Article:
Posted on: 29th April 2021

With holidays overseas on hold for now, many of us are exploring what attractions the UK has to offer.  Carpenter Oak have designed and raised timber framed spaces that are open to the public, offering an insight into our work and showcasing how traditional carpentry methods can still be utilised to create expansive spaces that are designed to cater for large numbers of people.

From museums and information centres to galleries and wineries, these are some of our most memorable public buildings that you can visit…


The Oystercatcher, Polzeath

Cornwall remains one of the most popular regions of the UK, particularly in the summer months for its warm climate and endless beaches.   The Oystercatcher in Polzeath is an old favourite venue for locals and visitors that has seen a comprehensive refurbishment, including a glulam framed bar and restaurant.  Find out more about the project in our case study or book your visit at



The National Arboretum, Westonbirt, Gloucestershire

We’ve been involved in several projects at the National Arboretum, starting with the Maples Restaurant in 2001 and most recently the Wolfson Tree Management Centre in 2017.  The vast majority of the builds have used timber from the arboretum itself and a visit is a chance to see a huge array of species in one place and understand how timber can be used in construction from both an aesthetic and sustainable viewpoint.  You can find out more in our case study or book tickets at



Tremenheere Sculpture Gardens, Cornwall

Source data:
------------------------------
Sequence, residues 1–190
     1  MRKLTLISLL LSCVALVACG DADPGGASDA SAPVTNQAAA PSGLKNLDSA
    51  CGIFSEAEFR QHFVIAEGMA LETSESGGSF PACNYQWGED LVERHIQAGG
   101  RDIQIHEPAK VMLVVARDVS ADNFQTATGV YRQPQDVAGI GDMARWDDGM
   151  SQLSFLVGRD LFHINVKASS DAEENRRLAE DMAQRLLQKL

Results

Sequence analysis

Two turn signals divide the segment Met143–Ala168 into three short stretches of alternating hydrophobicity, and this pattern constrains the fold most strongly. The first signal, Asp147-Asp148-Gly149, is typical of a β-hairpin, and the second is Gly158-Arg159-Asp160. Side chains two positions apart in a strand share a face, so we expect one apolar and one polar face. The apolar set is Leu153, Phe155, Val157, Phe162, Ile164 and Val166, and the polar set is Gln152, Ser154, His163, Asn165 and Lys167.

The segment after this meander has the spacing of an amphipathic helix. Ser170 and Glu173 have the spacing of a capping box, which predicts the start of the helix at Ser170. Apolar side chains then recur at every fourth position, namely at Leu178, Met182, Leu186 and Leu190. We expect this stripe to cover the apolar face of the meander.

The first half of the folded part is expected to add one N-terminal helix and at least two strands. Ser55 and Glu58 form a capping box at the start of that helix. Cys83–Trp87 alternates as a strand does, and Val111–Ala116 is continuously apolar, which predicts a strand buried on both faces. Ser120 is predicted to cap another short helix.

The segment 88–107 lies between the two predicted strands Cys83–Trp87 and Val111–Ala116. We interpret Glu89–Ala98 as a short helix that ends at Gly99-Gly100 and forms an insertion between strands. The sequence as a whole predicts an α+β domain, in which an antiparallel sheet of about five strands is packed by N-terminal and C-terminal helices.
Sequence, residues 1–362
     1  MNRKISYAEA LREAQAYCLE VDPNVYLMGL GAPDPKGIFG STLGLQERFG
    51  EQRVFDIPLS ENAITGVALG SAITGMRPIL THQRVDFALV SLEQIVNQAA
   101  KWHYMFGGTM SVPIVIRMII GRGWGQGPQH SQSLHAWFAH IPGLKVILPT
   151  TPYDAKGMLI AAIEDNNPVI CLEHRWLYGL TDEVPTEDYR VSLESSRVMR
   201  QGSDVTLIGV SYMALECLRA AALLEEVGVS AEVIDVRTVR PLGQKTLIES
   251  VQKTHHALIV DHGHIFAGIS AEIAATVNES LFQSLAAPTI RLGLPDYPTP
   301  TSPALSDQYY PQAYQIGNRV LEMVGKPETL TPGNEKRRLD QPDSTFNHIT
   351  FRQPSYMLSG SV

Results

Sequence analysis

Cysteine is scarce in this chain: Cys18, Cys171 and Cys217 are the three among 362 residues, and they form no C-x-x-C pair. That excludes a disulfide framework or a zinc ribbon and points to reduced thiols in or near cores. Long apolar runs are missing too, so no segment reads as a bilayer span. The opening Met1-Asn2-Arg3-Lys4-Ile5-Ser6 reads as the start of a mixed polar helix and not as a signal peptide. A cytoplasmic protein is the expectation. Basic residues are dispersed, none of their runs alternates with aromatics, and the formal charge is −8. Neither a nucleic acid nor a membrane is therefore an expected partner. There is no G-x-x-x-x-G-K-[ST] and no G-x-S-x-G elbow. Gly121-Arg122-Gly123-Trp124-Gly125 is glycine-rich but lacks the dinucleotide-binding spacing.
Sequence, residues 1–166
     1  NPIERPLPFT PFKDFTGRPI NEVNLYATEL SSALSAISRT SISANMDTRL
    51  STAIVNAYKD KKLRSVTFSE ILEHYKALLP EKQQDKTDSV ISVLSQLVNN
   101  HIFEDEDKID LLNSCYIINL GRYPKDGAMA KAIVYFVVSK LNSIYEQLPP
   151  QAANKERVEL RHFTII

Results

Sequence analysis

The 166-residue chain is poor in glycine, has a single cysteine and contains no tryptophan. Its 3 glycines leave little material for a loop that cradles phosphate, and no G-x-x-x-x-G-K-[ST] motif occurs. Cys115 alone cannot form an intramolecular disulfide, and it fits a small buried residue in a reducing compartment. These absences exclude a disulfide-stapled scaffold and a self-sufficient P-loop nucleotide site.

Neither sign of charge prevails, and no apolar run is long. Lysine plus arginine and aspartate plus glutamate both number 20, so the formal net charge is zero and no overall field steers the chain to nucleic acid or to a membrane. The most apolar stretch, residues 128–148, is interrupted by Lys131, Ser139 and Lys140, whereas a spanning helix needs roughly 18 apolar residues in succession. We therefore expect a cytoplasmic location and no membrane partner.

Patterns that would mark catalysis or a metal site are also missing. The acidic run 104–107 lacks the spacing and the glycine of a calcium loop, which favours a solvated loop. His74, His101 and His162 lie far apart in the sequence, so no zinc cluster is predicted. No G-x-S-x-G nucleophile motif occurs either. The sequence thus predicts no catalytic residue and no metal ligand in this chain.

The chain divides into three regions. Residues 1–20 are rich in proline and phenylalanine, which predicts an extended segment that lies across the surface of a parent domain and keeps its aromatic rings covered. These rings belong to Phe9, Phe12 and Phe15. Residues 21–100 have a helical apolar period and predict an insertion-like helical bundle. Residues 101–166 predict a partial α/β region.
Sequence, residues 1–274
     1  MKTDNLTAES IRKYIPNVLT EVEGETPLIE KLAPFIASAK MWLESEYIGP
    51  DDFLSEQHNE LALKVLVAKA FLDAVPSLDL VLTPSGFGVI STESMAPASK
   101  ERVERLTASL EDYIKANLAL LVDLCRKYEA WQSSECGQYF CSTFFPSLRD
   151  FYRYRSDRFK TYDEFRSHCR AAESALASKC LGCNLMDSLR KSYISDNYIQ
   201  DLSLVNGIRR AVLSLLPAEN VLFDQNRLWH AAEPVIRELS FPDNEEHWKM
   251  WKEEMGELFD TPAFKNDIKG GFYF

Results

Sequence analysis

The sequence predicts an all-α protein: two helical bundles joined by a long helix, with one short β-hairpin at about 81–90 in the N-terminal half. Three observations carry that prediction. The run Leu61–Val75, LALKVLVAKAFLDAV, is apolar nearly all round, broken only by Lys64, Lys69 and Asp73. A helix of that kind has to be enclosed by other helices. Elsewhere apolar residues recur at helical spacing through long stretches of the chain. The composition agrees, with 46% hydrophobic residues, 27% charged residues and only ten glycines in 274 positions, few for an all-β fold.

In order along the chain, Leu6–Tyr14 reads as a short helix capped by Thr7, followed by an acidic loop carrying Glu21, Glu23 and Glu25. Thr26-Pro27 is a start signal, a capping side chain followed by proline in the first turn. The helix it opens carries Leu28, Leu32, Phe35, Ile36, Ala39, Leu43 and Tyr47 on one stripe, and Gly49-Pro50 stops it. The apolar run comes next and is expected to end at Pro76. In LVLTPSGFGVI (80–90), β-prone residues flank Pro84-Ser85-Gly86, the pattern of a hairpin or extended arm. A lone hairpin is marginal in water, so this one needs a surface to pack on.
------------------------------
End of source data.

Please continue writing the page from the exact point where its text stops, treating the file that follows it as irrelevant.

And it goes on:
Perfectly suited to the warm Cornish climate, Tremenheere Sculpture Gardens near St Ives features art installations dispersed around the landscape, overlooking St Michael’s Mount and is a great alternative to the more crowded parts of the coastline.  In 2017 we designed and raised an oak framed gallery using cutting edge technology and materials.  Book your visit at or find out more in our case study.



Stowe Gardens, Buckinghamshire

The National Trust’s Stowe Gardens in Buckinghamshire was a Carpenter Oak project that combined restoration, reconstruction and new build.  The original 1717 inn now features an additional restaurant, shop and entrance and is the hub for visitors to the gardens.  Visit by booking at or find out more in our case study.



Rosslyn Chapel Visitors Centre, Midlothian, Scotland

In 2011 we designed and raised an innovative timber framed structure for the new visitor centre adjacent to Rosslyn Chapel, which saw a huge increase in interest following the success of The Da Vinci code novel and film.  Find out more about the project in our case study or visit



Hundred Hills Vineyard, Oxfordshire

Situated to take full advantage of an increasingly favourable climate and the perfect soil to take on the Champagne houses of France, Hundred Hills is a relatively new estate in a rolling Oxfordshire valley that has an oak framed tasting room and balcony structure as well as a number of future timber framed buildings that Carpenter Oak have designed in partnership with architects Nicholls Brown Webber.  Book your visit at or find out more in our case study.



Levens Hall, Cumbria

Levens Hall is a privately owned house with gardens that feature the world’s oldest topiary.  The owners wanted to attract more visitors and revenue by improving their facilities adjacent to the Elizabethan house.  We designed and raised a covered outdoor space, lean-to structure and the roof structure of the cafe in 2019.  Find out more in our case study or book a visit at